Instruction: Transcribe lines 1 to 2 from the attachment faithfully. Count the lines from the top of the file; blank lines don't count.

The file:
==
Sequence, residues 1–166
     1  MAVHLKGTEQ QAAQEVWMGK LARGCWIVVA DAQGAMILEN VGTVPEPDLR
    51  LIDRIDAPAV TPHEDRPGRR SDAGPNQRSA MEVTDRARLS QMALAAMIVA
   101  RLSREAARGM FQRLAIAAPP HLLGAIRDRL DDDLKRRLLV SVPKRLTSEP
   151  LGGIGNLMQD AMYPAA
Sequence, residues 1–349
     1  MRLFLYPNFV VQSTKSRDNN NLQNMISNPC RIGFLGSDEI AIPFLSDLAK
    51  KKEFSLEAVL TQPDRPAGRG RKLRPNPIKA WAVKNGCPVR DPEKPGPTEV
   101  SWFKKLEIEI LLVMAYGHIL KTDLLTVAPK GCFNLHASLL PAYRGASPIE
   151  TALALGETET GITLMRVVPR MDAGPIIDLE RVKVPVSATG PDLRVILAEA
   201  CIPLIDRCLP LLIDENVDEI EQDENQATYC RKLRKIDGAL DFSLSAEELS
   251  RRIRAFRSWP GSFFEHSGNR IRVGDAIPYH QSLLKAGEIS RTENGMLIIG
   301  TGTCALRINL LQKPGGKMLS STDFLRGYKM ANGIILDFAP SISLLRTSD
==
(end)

Sequence, residues 1–166
     1  MAVHLKGTEQ QAAQEVWMGK LARGCWIVVA DAQGAMILEN VGTVPEPDLR